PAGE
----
L.A. sheriff’s narcotics detective accused of involvement in drug-trafficking operation can’t be fired, court says

A Los Angeles County sheriff's narcotics detective was allegedly captured on a wiretap discussing marijuana and drug payments, but an appeals court this week decided the evidence could not be used in the Sheriff's Department's attempt to fire him.
(Mel Melcon / Los Angeles Times)

Carlos Arellano was a narcotics detective with the Los Angeles County Sheriff’s Department when the agency received a disturbing tip that he was fraternizing with criminals.

After months of investigating, the department accused him of being involved with a drug-trafficking organization, cultivating his own marijuana plants and discussing drug payments in phone conversations that fellow detectives overheard on a wiretap, according to court records.

In 2011, two years after the initial tip came in, Arellano was fired.


But an appeals court panel this week upheld the veteran deputy’s efforts to keep his job, ruling that the law did not allow the department to use evidence gathered from the wiretap in a disciplinary proceeding.

Arellano’s attorney praised Wednesday’s appellate decision, saying her client has always denied he was the person heard on the wiretap and had been wrongly portrayed as “a bad guy.”

“This case from the beginning was an overreaction from the Sheriff’s Department,” Elizabeth Gibbons said.

The deputy, who joined the department in the late 1980s, is on paid administrative leave and is not actively investigating drug crimes, said department spokeswoman Nicole Nishida. Last year, he was paid $130,000 in salary and other compensation, according to county records.

Nishida said the department is considering whether to appeal to the California Supreme Court.

The decision marks the latest setback for Sheriff Jim McDonnell, who has made several attempts to go to court to fire deputies like Arellano who were discharged for misconduct but won their jobs back after appealing to the county’s Civil Service Commission.

The commission, a panel of five appointed by the Board of Supervisors, hears disciplinary cases against county employees and can overturn or reduce punishments. In the case of law enforcement officers, the commission’s proceedings are not open to the public.

Last year, an appeals court panel ruled in favor of Daniel Genao, who successfully appealed his firing after he was convicted of filing a false police report. He earned $120,000 last year, according to county payroll data.

At least one other deputy has prevailed in court, while a third deputy’s case is still on appeal.

The Sheriff’s Department launched its criminal investigation into Arellano in June 2009.

The move came after a narcotics team investigating a known drug dealer had obtained a judge’s approval for several wiretaps during an inquiry focusing on drug activity at the El Dorado restaurant in Palmdale. On an intercepted call, a person identified by investigators as Arellano spoke about obtaining cloned marijuana plants and demanded money from the restaurant’s owner, who was a suspected drug distributor, according to the appeals court opinion.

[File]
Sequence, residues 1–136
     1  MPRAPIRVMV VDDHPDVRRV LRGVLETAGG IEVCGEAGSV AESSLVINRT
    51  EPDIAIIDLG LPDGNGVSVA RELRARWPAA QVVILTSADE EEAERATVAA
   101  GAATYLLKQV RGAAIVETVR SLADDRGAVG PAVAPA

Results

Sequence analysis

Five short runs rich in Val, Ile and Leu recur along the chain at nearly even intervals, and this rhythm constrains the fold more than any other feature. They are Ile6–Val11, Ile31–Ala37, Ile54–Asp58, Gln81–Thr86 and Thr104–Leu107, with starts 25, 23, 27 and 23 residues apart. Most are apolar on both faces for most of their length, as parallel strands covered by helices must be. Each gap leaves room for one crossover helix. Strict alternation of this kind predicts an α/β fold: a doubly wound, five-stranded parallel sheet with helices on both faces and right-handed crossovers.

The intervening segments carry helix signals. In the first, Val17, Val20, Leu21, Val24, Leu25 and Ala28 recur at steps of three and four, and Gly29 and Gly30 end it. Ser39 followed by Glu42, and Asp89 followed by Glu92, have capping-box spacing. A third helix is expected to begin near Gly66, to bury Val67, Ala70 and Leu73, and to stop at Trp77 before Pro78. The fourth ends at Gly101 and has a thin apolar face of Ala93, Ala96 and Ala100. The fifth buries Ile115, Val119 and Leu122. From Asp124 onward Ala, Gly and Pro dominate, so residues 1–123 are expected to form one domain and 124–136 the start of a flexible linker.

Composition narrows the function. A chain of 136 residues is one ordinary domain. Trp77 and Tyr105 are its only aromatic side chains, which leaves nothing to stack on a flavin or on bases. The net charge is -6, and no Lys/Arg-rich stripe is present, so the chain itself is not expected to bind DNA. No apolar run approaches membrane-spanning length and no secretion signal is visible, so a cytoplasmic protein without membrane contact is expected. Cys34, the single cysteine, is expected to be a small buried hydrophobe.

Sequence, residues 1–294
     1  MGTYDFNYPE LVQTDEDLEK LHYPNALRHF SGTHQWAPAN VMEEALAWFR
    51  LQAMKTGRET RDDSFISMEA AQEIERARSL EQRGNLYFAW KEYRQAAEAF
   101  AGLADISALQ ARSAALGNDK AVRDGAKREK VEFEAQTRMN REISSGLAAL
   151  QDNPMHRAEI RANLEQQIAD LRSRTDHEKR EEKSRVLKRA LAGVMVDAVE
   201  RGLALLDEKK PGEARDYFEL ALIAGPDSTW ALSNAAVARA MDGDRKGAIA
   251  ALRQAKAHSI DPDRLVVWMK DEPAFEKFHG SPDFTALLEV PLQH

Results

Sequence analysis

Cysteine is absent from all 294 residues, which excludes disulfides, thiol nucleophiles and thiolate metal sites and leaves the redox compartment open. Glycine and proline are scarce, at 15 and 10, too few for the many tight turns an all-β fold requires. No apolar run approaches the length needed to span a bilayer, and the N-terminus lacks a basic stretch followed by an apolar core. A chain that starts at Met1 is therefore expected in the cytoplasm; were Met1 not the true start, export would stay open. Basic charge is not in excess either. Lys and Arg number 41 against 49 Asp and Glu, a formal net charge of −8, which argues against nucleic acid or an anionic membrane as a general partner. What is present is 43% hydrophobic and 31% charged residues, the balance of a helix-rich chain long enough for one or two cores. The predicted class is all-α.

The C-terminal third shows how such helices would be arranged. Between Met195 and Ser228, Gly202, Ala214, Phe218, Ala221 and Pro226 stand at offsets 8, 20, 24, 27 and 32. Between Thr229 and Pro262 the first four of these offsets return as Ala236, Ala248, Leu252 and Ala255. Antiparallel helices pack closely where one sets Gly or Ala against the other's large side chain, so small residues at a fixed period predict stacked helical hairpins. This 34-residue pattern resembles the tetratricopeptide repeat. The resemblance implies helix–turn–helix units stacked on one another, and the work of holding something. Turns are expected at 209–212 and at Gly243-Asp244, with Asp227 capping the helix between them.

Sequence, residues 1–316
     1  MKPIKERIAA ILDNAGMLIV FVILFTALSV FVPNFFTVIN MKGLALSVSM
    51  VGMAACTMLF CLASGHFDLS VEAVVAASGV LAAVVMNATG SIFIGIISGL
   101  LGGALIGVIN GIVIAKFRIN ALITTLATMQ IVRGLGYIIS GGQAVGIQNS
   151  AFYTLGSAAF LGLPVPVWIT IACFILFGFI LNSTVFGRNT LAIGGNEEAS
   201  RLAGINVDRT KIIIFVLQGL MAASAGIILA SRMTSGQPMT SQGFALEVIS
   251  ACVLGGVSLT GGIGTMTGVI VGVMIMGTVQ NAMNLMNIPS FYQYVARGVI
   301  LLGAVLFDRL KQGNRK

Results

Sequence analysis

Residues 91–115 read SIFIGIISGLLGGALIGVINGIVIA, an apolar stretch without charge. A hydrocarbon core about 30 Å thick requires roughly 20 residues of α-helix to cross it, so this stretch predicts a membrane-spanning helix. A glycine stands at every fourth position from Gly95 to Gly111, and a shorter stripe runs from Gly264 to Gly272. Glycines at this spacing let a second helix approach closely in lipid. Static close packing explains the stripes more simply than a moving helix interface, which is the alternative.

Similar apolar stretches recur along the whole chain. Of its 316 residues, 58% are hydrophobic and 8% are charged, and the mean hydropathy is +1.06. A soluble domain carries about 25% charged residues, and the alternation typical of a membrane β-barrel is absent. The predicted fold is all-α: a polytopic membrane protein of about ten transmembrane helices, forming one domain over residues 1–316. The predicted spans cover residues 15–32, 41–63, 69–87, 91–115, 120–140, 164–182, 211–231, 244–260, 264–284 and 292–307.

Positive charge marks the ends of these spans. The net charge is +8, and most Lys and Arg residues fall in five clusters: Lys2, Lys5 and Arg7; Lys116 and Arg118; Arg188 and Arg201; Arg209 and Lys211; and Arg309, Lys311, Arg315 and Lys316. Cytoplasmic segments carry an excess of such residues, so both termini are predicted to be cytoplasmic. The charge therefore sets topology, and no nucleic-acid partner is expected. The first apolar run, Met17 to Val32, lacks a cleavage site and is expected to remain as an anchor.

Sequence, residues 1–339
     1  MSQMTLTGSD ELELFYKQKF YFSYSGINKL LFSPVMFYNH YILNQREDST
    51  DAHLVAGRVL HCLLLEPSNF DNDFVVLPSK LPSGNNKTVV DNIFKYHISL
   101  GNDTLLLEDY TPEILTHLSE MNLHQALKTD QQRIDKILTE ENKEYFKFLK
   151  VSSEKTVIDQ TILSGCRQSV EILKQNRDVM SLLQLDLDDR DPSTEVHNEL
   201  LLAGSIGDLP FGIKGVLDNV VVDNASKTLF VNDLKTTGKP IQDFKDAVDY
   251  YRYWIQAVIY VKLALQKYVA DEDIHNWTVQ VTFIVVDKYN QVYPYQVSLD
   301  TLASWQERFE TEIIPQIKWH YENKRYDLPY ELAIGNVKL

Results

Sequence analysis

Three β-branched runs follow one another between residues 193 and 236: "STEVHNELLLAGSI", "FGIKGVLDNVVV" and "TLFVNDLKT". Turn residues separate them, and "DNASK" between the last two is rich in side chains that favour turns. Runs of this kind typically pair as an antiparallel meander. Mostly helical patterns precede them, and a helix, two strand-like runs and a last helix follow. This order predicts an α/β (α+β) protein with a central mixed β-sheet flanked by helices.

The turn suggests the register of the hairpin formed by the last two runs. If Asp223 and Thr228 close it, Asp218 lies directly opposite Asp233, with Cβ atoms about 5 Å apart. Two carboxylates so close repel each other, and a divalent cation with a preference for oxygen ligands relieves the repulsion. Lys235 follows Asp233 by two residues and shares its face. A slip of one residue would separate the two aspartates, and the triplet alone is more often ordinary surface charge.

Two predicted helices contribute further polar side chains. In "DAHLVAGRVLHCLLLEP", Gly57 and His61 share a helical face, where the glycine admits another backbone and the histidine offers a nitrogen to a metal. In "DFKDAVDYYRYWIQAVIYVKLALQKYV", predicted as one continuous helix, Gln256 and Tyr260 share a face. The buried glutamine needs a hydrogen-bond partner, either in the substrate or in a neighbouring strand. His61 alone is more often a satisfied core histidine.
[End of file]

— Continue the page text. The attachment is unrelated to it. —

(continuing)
The wiretaps revealed that the deputy was involved with a “drug-trafficking organization, that he obtained marijuana plants from the organization ... and that he maintained relationships with criminals and known narcotics traffickers,” according to a court filing by the county summarizing its evidence against the deputy.

The criminal investigation into Arellano ended in 2010 without criminal charges. Under California law, conversations caught on a wiretap cannot be used to prosecute someone solely for marijuana activity, according to the opinion.

Sheriff’s officials instead used the wiretap evidence to fire Arellano and accused him also of improperly releasing a man who had been jailed on a drug charge and refusing to provide information to help catch his brother-in-law, who was a federal fugitive, the opinion said.

But Arellano insisted he had nothing to do with the illegal narcotics activity and that the Sheriff’s Department never proved it was his voice on the recording.

Gibbons, his attorney, said he became friendly with the restaurant owner as part of his job working in a sheriff’s narcotics unit in the Antelope Valley.

At his appeal before the Civil Service Commission, Arellano argued that the wiretap evidence should be suppressed. A hearing officer agreed, saying the wiretap was authorized for use only in criminal court or a grand jury, not in an administrative proceeding.

A Superior Court judge, and now three appeals court justices, affirmed that decision.

The suppression of the wiretap evidence crippled the Sheriff’s Department’s case that Arellano violated department policies relating to fraternizing with criminals, obstructing an investigation, making false statements and other infractions.

What appeared to be undisputed, however, was that Arellano had used another deputy’s password to access a database that contains confidential information about suspects and fugitives, the opinion said. The appeals court ruled a five-day suspension without pay was appropriate for the unauthorized use of the database.

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